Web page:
< Earlier Kibitzing · PAGE 3 OF 3 ·
|Mar-11-12|| ||SimonWebbsTiger: @<albion1959>
Michael, rather surprisingly, gave up chess in the early 80s and concentrated on a career as an accountant.
It's a bit like Luke McShane today, although "Lukey" still plays.
|Mar-12-12|| ||Albion 1959: To Simon Webbs Tiger, thanks for that!
To David 2009 - I had another look at this game last night, Maybe Kf8!? was a "tougher defensive" move? Though it is going to be hard-going for Browne:
Your suggestion Bc8 appears to fall short: Rybka suggested the following line
18.Kh1 White has the strong Nd5 to follow, the analysis needs to carried further, maybe Browne could have done better but over the board it was never going to be easy after Bc8:
To Benzol and Al Wasir
31.Ne4! (Not Rg1) Qe3 or else Nc5 Mate
32.Nc5+ Qxc5 (Forced)
33.bxc Wins easily !!
34.g8= Q Wins
Another bit of flash from Rybka !! Though 32. Rb8+ also suffices:
|Mar-17-14|| ||LIFE Master AJ: # 99 in the Soltis book.|
|Mar-17-14|| ||LIFE Master AJ: Stean stings Walter ...|
|Mar-17-14|| ||Caissanist: <I played Stean in a simul once - shame he gave up chess to become an accountant!>|
<<Any advice for the coming juniors in chess?> <Accountancy pays better.>> - Nigel Short
|May-15-14|| ||LIFE Master AJ: BTW, my title for this game - in my game collection - is just a joke, this game actually won a Brilliancy Prize, I do believe.|
|Apr-14-15|| ||MSteen: Just a superb game. If my king were as exposed as white's is later in the game, I think I'd just start to weep. But Stean just calmly plays on, confident in his calculations. Impressive.|
|Apr-14-15|| ||offramp: I would have played 30...Kc6 with great foreboding.|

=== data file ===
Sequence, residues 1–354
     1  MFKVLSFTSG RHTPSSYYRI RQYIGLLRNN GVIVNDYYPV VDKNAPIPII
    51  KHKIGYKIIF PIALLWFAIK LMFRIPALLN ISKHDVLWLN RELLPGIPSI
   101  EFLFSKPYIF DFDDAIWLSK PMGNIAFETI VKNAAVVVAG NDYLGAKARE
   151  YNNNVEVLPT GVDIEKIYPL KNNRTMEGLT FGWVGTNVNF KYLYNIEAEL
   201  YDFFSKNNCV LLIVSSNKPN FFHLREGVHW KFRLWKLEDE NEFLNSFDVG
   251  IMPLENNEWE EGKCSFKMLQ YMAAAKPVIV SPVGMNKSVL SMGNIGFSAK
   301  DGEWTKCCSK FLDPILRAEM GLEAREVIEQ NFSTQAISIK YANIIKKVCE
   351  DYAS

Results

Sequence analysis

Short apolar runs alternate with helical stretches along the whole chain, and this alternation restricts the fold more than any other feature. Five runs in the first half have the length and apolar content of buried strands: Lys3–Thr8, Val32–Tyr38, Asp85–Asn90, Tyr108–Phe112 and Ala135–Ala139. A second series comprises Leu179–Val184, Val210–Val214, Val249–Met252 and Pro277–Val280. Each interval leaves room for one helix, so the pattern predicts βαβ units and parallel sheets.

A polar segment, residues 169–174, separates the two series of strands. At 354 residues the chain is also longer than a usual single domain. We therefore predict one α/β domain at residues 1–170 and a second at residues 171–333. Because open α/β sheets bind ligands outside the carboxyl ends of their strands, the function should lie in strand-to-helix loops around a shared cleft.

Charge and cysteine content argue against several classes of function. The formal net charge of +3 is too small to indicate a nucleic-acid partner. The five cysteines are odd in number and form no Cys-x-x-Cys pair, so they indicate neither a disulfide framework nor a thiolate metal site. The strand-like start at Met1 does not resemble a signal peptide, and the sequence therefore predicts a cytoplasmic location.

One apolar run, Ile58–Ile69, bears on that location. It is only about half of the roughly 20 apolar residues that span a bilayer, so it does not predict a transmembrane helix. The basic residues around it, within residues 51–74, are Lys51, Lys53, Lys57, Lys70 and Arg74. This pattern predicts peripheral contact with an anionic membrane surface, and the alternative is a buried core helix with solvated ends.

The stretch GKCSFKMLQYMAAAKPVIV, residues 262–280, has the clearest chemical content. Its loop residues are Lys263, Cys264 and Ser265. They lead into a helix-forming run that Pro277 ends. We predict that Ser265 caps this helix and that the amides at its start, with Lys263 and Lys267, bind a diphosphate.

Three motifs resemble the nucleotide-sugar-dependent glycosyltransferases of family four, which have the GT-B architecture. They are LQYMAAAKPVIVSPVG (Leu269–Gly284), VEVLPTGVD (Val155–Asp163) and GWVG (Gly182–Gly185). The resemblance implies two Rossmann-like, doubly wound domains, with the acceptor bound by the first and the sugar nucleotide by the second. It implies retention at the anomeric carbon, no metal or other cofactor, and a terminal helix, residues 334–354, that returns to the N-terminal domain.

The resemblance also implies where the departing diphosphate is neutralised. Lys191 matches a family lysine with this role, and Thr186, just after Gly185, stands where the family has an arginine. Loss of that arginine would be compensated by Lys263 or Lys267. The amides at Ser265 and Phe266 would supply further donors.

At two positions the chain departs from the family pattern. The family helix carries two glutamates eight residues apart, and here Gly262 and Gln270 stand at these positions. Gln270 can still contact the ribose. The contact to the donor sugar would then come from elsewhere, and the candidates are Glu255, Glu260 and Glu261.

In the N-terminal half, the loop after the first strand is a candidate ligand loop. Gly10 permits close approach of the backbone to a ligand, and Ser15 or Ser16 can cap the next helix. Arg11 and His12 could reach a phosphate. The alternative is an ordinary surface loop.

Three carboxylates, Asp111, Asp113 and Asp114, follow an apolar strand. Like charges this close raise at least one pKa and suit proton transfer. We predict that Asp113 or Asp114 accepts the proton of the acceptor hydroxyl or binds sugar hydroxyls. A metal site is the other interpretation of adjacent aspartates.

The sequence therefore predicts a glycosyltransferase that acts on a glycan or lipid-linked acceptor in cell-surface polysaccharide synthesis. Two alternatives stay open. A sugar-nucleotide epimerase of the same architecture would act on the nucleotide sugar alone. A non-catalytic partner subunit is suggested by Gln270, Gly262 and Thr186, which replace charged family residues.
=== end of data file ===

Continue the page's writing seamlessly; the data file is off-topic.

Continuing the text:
|Jan-03-17|| ||clement41: Marvellous game! I reckon 13 Bxe6 also provides white with decent attacking chances.
19...Qxe5 20 Rad1+ Bd6 threatens #1 21 Rxd6+ Qxd6 22 Qxb7 (22 Rd1 Nd5 23 Bxd5 or Nxd5 Rf8 and amazing complications arise but looks )|
21 Qxg7 Qc6+ and again huge complications 22 Kg1 (Kg3?? Nh5+) Qxe6 23 ef!? Rg8 24 fe+ Kd7 (...Ke8?? Rf8+) 25 Rd1+ Kc6 (...Kc7 26 d8=N+! Kc6 (...Kb8? 27 Rf8!! And if ...Rxg7+, Nxg7+ Qc8 R1f1 or Rxc8+ ))
|Jun-28-18|| ||ferrabraz: 10...b6 looks like a mouse sleep|
|Jun-28-18|| ||Ironmanth: Wow, wow, wow! Great game; first time seeing it. Walter really got his clock cleaned in his beloved Sicilian. Thanks, chessgames!|
|Jun-28-18|| ||ChessHigherCat: <ferrabraz: 10...b6 looks like a mouse sleep>|
Somebody must have sleeped him a Mickey Finn
|Jun-28-18|| ||jith1207: <mrkangaroo> it wasn't fair you didn't take time to reply <ChrisOwen>, when he had addressed you.|
|Jun-28-18|| ||jith1207: Surely, the sacrifice column for this game should point to the Queen sac?|
|Jun-28-18|| ||chessgames.com: About the title:
Chess patron Isador Samuel Turover, throughout his life, offered cash prizes for brilliancies in chess games. In 1930 Turover gave a 500 lire brilliancy prize at the tournament in San Remo. In 1974 he established the annual World Brilliancy Prize, the first winner was Michael Stean who received $1,000 for his win against Walter Browne at the 21st Chess Olympiad in Nice.
|Jun-28-18|| ||perfidious: Turover's role in brilliancy prizes is well known, but I did not recall a World Brilliancy Prize being established by him.|
|Jun-28-18|| ||TheTamale: Is there some way we can "pin" a game or "add to favorites"? I love this game, but I will forget all about it as soon as I leave for the day.|
|Jun-28-18|| ||morfishine: An oddity for Browne, to be crushed like a bug|
|Jun-28-18|| ||chessgames.com: <TheTamale: Is there some way we can "pin" a game or "add to favorites"?> Scroll down below the kibitzing and use the "Add to Collection" button. (See Chessgames Help for more info.)|
|Jun-28-18|| ||posoo: WHAT OTHER GAMS manuged to WIN da brollo prize? LINK pls.|
|Jun-28-18|| ||Breunor: I went to check what the Silicon monster thought of the key moves in this fascinating game.|
Where did black go wrong? Although not all moves are precise, Stockfish believes the move that starts to get black into trouble was 10 b6.
Stockfish prefers 10 .. Be7
After the game move (b6)
1) +0.32 (18 ply) 11.Qd3 Qc7 12.Qg3 h5 13.h3 h4 14.Qe3 Be7 15.f4 O-O 16.Rae1 Bb7 17.Bxe6 fxe6 18.Nxe6 Qc6 19.f5 Rae8 20.Nxf8 Rxf8
1) -0.11 (20 ply) 11.Qe2 O-O 12.Rad1 Qc7 13.a4 Bd7 14.g3 Qc5 15.Kg2 g6 16.Rfe1 e5 17.Nf3 Kg7 18.h3 Rac8 19.Qd2 b5 20.axb5 axb5
The next move that really changes the game is 14 b5: